Instead, what about making your 2009 year-end bonus based on your performance in 2006, 2007, and 2008? That is, by the end of 2009 you would have better information about whether the trades placed in those years had turned out well or badly. There are all sorts of variations possible: you could weight the years differently; you could include 2009 (with a low weight because it’s too early to tell); you could do it on a quarterly basis to smooth out the lumps; you could pay out on a quarterly basis; and so on. But the basic principle is that you don’t calculate the bonus until enough time has elapsed to ensure that the employee deserves it. If you wait long enough, you could even just pay it out in cash instead of restricted stock.
The first objection will be that new employees get screwed, since they will get lower bonuses until they have been with the company for a few years. There are a couple possible solutions to that. The one I like less is that for someone who joins on 1/1/2009, his 2009 bonus could have a full-size target and be based on 2009 performance; but his 2010 bonus would be based on two years of results, his 2011 bonus on three years of results, and his 2012 and later bonuses on four years of results.
My preferred solution, though, is that people simply get smaller bonuses (and maybe somewhat higher salaries to compensate) when they switch companies, and only get the big bonuses after they’ve been around a few years. (You can imagine a new equilibrium where bonuses for employees in their first years are lower than today, but bonuses for long-term employees are higher. I’m not saying in this post that total compensation has to go down; that’s a separate issue.) In the technology startup industry, employees get stock options that vest over four years (with a one-year cliff). If you leave after two years, you give up your last two years of options (and unless the company is already public, you have a difficult choice about whether or not to exercise your options). This increases the cost to the employee of switching companies, which is good on two levels. First, as far as the division of the pie is concerned, it benefits employers (shareholders) relative to employees, which would be a good thing for the banking industry (as opposed to, say, the fast food industry). Second, it makes the pie bigger, since companies are more productive if they have more stable workforces. For these reasons, banks should actually want to move to this type of bonus calculation.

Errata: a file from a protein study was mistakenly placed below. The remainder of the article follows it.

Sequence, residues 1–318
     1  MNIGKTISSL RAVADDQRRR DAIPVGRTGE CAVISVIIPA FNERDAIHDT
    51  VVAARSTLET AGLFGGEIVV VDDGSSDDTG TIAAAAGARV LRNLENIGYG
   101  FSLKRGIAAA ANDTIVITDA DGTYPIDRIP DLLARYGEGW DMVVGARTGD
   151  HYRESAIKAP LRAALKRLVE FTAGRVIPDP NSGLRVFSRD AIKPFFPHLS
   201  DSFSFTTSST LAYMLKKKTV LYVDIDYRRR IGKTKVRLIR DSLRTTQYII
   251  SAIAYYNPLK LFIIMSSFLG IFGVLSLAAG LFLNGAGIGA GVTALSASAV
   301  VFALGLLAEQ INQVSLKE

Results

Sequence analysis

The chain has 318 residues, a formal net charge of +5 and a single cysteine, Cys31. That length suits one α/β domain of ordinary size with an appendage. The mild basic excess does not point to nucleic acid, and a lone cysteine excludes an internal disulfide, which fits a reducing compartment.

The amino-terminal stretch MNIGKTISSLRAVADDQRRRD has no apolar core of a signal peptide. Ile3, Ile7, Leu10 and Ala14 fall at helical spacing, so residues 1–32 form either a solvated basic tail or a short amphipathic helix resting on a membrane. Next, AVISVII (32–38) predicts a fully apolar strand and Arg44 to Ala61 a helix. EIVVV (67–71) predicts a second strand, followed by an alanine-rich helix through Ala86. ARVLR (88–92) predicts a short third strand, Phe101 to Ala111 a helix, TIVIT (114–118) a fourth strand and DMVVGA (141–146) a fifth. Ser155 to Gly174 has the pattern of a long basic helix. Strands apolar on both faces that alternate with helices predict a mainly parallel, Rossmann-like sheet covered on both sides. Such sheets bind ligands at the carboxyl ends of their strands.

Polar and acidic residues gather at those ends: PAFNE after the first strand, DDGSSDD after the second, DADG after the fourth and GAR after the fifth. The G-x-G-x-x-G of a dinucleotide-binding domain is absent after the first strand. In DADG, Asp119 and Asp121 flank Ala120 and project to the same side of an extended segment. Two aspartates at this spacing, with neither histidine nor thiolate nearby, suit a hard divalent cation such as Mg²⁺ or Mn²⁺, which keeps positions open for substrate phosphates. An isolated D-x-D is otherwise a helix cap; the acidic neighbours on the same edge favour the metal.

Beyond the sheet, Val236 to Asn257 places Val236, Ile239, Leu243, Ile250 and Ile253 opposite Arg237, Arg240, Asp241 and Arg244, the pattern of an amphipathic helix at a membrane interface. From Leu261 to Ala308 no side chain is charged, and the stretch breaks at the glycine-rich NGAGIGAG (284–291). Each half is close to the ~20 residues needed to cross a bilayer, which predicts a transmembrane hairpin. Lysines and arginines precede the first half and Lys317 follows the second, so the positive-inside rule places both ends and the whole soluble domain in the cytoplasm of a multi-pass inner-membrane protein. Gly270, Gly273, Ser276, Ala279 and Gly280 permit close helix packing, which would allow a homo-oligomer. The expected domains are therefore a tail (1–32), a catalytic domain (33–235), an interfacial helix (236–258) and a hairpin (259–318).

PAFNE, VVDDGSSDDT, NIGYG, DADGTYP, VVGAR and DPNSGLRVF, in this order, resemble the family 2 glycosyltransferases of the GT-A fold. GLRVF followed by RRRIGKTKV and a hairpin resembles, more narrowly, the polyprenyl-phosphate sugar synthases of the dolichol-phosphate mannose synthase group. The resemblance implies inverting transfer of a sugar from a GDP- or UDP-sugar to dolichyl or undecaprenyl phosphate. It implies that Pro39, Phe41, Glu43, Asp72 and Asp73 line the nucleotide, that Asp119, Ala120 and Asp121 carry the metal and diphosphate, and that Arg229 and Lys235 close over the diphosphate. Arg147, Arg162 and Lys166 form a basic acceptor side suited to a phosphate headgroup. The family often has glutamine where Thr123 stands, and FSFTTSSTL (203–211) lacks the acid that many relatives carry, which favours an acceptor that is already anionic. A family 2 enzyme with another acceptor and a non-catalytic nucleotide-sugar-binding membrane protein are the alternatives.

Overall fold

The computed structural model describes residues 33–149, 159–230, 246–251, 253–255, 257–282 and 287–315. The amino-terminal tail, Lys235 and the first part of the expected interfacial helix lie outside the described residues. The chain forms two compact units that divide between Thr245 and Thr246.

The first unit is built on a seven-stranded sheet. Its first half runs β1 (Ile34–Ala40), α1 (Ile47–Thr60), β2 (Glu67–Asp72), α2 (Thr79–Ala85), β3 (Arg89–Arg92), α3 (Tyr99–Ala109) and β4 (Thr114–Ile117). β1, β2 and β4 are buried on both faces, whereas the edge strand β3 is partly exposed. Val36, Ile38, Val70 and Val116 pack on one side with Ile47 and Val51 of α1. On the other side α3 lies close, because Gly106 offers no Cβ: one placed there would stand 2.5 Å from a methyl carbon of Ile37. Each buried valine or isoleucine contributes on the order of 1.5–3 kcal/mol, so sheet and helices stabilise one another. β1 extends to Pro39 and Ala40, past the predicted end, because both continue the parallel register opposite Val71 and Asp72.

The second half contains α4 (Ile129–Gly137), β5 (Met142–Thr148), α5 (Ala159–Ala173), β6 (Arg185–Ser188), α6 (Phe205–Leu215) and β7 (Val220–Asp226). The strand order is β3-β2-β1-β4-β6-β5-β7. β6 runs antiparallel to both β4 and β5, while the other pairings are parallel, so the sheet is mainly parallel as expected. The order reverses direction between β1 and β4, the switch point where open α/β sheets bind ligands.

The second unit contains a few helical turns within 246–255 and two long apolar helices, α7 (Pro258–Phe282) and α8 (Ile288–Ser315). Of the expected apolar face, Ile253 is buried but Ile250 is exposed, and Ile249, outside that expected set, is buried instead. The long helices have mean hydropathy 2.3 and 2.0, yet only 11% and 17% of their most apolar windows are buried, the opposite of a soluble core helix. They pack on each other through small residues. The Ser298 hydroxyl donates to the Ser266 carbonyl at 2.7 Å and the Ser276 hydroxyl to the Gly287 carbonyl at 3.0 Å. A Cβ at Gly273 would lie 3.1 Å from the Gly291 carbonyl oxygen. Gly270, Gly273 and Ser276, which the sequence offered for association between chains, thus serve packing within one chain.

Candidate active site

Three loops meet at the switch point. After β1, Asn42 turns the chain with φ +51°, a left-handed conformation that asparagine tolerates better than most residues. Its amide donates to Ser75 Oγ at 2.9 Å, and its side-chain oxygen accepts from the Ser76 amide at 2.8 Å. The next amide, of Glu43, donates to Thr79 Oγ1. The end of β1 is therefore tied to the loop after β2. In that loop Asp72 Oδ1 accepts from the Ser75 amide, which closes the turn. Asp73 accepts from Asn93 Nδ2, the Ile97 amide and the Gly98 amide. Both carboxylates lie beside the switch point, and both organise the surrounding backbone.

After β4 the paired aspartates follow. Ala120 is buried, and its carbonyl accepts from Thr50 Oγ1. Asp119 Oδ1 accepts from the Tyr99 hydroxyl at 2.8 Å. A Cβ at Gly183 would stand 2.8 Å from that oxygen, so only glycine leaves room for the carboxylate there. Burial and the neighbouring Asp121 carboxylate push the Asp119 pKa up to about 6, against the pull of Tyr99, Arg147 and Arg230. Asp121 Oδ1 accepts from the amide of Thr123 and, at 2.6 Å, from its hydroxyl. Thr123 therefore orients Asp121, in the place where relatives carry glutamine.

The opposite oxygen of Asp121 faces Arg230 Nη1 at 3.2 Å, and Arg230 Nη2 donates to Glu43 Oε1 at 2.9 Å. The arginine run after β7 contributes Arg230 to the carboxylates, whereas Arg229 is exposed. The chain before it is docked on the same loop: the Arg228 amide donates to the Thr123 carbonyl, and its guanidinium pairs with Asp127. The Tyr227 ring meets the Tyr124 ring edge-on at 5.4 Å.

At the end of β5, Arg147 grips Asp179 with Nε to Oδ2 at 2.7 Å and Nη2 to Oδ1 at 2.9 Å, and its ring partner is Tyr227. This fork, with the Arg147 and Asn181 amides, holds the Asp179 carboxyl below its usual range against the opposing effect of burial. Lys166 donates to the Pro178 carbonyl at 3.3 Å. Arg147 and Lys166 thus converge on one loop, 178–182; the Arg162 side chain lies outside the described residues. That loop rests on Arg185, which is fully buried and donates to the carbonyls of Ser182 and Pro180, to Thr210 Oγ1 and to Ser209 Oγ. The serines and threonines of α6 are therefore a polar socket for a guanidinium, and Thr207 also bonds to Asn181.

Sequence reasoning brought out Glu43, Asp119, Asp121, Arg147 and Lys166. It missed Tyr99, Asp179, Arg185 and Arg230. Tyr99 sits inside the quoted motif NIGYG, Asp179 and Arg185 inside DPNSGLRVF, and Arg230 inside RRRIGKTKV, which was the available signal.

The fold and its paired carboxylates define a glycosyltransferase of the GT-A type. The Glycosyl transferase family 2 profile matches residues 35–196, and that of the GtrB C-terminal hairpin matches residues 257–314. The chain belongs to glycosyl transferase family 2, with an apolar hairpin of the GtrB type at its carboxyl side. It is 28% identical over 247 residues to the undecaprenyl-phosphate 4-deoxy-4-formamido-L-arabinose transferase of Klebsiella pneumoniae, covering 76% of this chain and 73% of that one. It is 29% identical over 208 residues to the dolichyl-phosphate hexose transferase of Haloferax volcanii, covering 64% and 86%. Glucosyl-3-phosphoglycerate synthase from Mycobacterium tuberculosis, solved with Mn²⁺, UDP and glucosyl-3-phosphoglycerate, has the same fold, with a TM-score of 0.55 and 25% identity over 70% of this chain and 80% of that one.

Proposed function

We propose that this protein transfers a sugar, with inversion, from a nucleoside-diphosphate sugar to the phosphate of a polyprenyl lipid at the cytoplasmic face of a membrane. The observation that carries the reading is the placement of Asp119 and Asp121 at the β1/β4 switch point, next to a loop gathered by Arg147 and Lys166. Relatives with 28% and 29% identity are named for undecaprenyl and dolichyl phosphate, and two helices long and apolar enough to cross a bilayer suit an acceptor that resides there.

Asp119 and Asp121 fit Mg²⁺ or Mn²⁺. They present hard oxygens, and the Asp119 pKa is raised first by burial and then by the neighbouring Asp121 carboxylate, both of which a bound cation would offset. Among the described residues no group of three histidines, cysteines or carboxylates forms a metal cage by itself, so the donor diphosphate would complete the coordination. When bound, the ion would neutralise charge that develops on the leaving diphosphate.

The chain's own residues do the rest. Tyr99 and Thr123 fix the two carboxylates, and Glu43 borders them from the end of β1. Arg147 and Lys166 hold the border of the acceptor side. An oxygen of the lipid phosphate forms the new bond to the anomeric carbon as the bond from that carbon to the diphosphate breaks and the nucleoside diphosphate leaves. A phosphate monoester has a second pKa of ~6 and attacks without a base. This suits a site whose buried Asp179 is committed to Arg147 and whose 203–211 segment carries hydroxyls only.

Now, how do we get there from here? Like many markets, if one firm changed its policy and the others didn’t, it would be at a competitive disadvantage. (Of course, this problem exists with all proposals to change compensation practices, including the restricted stock ideas.) First, the banks could possibly get there on their own, just like airlines do when they raise prices; one announces a change, and then (sometimes) the others copy it. This could be helped along if one of those famous self-regulatory bodies would recommend this as a new compensation structure. Or if Goldman took the lead; since (I think) it has longer average tenure than most banks, if it changed its policy today, fewer employees would be affected than at other banks; and if you’re just two years into your banking career at Goldman, would you really leave for Citigroup now rather than sticking it out at Goldman until you have the tenure to take advantage of the new policy? Second, we could have legislation. Or third, we could have regulatory action, since the Fed has already said that compensation practices fall under its jurisdiction as a guarantor of the health of individual bank holding companies and the financial system as a whole.
Changing the basis of the bonus calculation is a more direct way of dealing with the current incentive problems than changing the form of the payout. How about it?
By James Kwak